Scientists could replace mice with liposomes to test botulinum
The BoNT, which is produced by the Clostridium botulinum bacterium, is an extremely strong poison that can be found in insufficiently sterilized canned vegetables, meats and sausages. The poison can cause paralysis and apnea, but it is also used to treat chronic conditions and in the cosmetics industry, Phys.org reports.
Because BoNT is produced by bacteria, regulatory authorities require that the toxicity of every batch of therapeutic agent containing BoNT be tested with the mouse LD50 test. These routine tests in the pharmaceutical industry of the U.S. and the E.U. kill more than half a million mice per year.
Oliver Weingart, an ETH-Zurich researcher, and collaborators with the Spiez Laboratory developed a system to test BoNT without laboratory animals or living cells. The system measures the toxic activity of the neurotoxin using artificially produced lipid membrane vesicles called liposomes.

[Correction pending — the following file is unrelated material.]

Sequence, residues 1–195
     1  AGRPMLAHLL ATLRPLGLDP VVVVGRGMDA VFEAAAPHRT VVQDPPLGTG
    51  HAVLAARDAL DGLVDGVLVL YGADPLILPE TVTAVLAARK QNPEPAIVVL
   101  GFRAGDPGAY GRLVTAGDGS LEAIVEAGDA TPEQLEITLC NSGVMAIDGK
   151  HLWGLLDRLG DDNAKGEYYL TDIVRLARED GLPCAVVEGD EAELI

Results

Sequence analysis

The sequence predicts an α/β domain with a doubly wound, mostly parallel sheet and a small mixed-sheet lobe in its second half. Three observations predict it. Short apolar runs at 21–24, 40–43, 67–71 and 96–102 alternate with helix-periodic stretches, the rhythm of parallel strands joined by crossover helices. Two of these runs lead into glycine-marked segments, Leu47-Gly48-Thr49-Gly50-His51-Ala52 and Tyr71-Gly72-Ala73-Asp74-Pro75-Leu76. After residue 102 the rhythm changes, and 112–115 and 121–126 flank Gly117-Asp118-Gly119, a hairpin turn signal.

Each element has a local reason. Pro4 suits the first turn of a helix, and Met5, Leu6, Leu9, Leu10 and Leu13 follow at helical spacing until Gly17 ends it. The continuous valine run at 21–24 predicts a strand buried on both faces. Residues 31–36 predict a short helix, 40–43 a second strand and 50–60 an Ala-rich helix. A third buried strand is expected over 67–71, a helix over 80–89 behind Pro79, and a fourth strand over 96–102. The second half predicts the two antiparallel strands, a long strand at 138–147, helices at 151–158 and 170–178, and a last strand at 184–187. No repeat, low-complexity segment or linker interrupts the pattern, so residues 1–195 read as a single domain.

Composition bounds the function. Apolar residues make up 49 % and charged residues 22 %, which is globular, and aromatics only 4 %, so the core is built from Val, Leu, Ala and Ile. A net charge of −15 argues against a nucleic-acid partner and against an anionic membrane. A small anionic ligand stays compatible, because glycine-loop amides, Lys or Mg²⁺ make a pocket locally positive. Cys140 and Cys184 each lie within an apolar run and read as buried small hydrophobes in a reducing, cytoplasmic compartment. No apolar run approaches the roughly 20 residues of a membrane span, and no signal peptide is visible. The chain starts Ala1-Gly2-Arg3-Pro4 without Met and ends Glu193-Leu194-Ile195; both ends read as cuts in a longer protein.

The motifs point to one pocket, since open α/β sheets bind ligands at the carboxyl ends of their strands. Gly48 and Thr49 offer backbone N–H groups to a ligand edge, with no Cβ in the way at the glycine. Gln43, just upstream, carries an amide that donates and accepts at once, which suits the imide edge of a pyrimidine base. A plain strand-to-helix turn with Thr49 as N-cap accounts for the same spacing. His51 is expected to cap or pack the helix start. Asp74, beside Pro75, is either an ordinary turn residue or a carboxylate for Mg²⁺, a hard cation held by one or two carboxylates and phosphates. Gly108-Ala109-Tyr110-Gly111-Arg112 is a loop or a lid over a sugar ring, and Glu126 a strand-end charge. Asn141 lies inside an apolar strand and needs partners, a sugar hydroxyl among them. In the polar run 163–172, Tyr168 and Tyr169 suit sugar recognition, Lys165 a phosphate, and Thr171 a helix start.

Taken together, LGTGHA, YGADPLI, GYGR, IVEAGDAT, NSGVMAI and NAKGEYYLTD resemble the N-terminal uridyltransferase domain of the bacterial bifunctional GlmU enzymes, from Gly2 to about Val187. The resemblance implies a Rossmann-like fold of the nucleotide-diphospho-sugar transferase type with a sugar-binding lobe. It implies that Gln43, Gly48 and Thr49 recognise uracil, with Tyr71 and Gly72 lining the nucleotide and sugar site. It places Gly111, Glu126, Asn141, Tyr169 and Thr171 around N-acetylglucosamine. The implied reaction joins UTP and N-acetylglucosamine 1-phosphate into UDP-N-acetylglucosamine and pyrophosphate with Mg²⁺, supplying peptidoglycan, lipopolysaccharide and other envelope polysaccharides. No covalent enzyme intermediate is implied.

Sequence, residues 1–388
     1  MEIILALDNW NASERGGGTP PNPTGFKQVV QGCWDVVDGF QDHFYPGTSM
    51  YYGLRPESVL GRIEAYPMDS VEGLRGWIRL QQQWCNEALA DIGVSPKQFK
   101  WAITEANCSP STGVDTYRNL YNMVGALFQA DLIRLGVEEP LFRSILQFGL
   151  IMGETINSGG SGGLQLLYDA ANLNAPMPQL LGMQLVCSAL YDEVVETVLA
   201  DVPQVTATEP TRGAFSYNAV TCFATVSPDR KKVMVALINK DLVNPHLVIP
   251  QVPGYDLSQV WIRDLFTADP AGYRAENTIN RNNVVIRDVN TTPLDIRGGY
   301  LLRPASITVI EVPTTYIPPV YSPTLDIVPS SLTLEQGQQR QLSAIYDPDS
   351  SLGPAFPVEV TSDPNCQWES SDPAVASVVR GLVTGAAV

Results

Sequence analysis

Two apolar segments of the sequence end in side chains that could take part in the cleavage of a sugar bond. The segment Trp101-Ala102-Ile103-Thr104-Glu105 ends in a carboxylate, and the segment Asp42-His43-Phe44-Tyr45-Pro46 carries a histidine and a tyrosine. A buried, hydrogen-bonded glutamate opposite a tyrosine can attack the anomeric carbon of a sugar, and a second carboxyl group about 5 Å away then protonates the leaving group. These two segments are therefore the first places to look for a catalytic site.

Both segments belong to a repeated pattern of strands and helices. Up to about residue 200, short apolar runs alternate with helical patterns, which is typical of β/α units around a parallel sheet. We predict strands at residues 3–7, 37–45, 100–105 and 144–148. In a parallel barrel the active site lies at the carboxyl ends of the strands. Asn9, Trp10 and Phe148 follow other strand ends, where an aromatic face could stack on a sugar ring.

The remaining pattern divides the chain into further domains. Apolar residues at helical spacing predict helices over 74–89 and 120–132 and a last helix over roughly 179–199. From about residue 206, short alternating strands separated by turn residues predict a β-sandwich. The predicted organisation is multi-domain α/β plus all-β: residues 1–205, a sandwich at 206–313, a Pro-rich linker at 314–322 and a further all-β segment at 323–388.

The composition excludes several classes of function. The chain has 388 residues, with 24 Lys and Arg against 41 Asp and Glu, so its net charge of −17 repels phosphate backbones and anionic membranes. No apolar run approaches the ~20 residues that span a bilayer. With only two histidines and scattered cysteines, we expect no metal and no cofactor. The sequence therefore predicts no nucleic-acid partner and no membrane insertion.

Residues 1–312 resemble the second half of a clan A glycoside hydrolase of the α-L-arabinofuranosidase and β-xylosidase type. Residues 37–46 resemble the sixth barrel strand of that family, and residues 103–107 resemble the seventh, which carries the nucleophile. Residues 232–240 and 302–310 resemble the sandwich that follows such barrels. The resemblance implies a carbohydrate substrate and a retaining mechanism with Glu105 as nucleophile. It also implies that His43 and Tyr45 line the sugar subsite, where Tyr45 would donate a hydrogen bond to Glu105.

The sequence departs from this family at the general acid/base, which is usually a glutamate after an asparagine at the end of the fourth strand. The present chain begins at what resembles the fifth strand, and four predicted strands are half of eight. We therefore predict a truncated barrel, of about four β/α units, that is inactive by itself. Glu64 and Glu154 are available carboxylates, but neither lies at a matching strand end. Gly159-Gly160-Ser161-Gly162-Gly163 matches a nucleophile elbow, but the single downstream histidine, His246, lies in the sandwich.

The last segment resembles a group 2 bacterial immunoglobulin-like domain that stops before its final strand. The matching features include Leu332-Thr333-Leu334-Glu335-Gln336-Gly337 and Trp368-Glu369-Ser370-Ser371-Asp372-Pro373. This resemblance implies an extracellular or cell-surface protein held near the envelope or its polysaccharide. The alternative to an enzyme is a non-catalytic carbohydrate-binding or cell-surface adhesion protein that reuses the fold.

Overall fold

The system contains reaction compartments that mimic nerve-cell receptors to which the neurotoxin can bind. When the toxin becomes active, the system is set up to emit a measurable fluorescence to detect the BoNT concentration.
"The liposomes are easy and inexpensive to produce, and no special training is needed for handling by laboratory staff," Weingart said, according to Phys.org. "The system is very sensitive."
The aim of the system is to be even more sensitive than the detection limit in mice studies, which is approximately ten picograms of BoNT. The system may also be faster, with a final result available in less than 24 hours versus the mice study, which can take up to four days, Phys.org reports.
According to the Center for Biosecurity of UPMC in Baltimore, botulinum toxins are considered biological weapons because they are extremely lethal and potent, some of the toxins are relatively easy to produce and transport and people with botulism require prolonged intensive hospital care.